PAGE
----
When the first day of school rolls around, whether it is your 1st or 20th – we want to plan a fun day and start to get to know those little people we will be sharing our classroom with for an entire year – insert icebreaker games for kids!
We like to sprinkle icebreaker games throughout the first week of school. They are a great way to learn names, start to discover student’s interests and also see how the class manages as a whole when exciting things, such as games, are implemented (it will assist you in deciding what sort of classroom management strategies will work best with your cohort).
Here are 7 icebreaker games for kids that we always use at the beginning of the year and can be adapted for a range of age groups.
1. 2 truths and a lie
Students sit in a circle and tell the class 2 things that are true about themselves and 1 thing that is not. The students need to guess which one is the lie. This is a great one for you to model to begin with so the students get to know you too. (A word of warning: Make sure students are prepared before they have a turn, otherwise it can lead to a long game of watching someone think).
This is the perfect icebreaker for kids – we personally use it year after year on the first day.
2. Puzzle mixup
An icebreaker game for kids that gets them interacting with each other.
Grab some of your classroom puzzles and split the pieces up randomly into bags (i.e., each bag might have 5-6 pieces from different puzzles). Put your students into small groups and give them a bag of mixed puzzle pieces. Ask them to work together to solve the puzzle. Soon enough, they will realise that they need to work as a class to put the puzzle together.
3. Name detective
Ask students to fill out a short questionnaire about themselves secretly. Put them all in a hat and then during lesson breaks, before and after lunch or at the end of the day, randomly choose a few slips to share. The students need to listen to the facts and try and guess the mystery classmate.
Find a FREE template for this icebreaker game for kids here.
4. Lucky Dip Questions
Have a bag of coloured blocks, counters or if you want to make it more fun, sweets such as skittles, m&m’s or snakes. Sitting in a circle, students take turns to pull out a coloured object and answer the questions matched to the colour. For example, Blue = Where were you born? Yellow = Who is your favourite superhero?
Alternatively, you can play this icebreaker game with a ball that has different questions written on it. Students throw the ball to each other and answer the first question they can read.
5. The paper plane game
Give each student a piece of paper (it is fun if you have a few different colours). Ask students to write an interesting fact about themselves on the piece of paper and fold it into a paper plane.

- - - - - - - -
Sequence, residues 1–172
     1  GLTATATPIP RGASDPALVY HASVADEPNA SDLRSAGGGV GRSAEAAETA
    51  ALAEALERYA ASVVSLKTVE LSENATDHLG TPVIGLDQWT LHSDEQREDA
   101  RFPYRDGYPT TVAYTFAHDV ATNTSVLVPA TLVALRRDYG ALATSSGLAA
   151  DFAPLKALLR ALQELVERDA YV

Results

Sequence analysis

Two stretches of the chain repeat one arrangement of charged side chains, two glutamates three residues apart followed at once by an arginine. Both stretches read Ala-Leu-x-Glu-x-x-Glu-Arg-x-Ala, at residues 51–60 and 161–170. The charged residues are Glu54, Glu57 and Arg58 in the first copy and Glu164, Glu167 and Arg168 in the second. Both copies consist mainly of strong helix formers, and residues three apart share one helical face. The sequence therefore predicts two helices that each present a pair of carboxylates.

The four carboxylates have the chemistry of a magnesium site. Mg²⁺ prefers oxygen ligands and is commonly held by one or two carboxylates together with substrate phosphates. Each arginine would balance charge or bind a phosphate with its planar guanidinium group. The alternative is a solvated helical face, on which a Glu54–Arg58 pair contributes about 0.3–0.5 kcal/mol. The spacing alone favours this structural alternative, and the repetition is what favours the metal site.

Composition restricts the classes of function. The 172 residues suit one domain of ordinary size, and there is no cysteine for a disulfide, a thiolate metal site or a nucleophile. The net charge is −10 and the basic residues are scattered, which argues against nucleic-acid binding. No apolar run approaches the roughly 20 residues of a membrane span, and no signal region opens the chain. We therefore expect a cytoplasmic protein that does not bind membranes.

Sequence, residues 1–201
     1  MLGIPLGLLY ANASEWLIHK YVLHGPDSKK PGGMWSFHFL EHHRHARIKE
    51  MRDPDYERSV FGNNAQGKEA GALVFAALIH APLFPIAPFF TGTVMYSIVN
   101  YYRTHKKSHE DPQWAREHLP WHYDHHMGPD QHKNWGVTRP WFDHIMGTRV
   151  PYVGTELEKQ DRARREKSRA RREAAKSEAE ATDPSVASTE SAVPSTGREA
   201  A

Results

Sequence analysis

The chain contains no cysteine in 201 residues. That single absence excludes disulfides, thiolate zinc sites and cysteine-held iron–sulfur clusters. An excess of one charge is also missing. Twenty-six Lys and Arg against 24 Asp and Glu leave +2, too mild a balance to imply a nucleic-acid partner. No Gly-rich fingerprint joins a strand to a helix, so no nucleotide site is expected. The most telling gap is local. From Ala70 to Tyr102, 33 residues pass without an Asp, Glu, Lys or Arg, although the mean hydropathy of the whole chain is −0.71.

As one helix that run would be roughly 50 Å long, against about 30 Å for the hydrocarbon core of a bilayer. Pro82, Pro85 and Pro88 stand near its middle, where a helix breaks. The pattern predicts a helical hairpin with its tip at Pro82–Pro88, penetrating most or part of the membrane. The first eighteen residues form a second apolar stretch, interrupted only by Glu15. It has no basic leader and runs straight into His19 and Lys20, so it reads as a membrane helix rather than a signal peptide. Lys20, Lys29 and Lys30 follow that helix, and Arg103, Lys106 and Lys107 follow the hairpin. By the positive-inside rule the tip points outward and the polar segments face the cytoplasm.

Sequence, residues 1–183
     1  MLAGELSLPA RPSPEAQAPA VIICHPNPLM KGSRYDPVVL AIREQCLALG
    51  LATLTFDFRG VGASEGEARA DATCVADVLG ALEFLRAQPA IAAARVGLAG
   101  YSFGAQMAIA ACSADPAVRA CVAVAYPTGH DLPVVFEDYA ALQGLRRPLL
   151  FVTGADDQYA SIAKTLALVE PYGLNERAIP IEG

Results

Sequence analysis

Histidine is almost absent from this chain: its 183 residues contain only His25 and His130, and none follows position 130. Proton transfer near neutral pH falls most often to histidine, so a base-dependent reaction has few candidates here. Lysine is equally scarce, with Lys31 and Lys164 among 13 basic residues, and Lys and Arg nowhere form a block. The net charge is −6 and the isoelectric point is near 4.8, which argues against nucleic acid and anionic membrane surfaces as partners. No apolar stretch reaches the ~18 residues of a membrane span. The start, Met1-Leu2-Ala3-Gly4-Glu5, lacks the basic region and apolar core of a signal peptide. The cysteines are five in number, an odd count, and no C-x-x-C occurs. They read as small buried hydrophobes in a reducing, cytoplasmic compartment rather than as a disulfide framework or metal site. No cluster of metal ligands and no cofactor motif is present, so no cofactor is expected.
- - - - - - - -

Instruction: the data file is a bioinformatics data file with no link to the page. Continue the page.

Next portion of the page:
Then, everyone throws their paper plane to somewhere around the room. Students pickup one plane that landed closest to them.
Bring students together and ask them to read the fact on the paper plane that they ended up with. As they share the interesting fact, they need to try to guess whose paper plane they got.
6. Speed Friending
Sit students in pairs and get them to take turns asking and discussing ‘Would you rather’ questions, after a minute or two, students swap partners. You can make questions serious or silly (or a mix of both). We have some ready-to-print ‘Would you Rather’ cards that are perfect for ‘speed friending’ here.
7. Team building towers
This icebreaker game for kids is great to for team building.
Provide students with a pile of newspaper, and in small groups, students have to work together to build the strongest and tallest tower. You can mix up this activity by providing students with your choice of materials and having them work together to construct something.
You will learn quite a lot about who are the leaders in your class, who cracks under pressure, who doesn’t like confrontations and who is a team player.
Bonus idea: Place Value ‘Who Am I’
Makeup cards that represent a number. Give each student a card and ask them to mingle while they find their match. This is very similar to a loop game but students are moving around the classroom.
This icebreaker game is a great way to start conversation, and for students to help each other using mathematical language. We created these using paint chips from Bunnings and a marker, so simple, cheap and so effective!
There are so many icebreaker games for kids out there for young and old. If you have one you love to play with your class, please share! One can never have too many games in their teaching toolbox.
If you are looking for more ideas or help with planning the start of the school year you will want to read these posts next:
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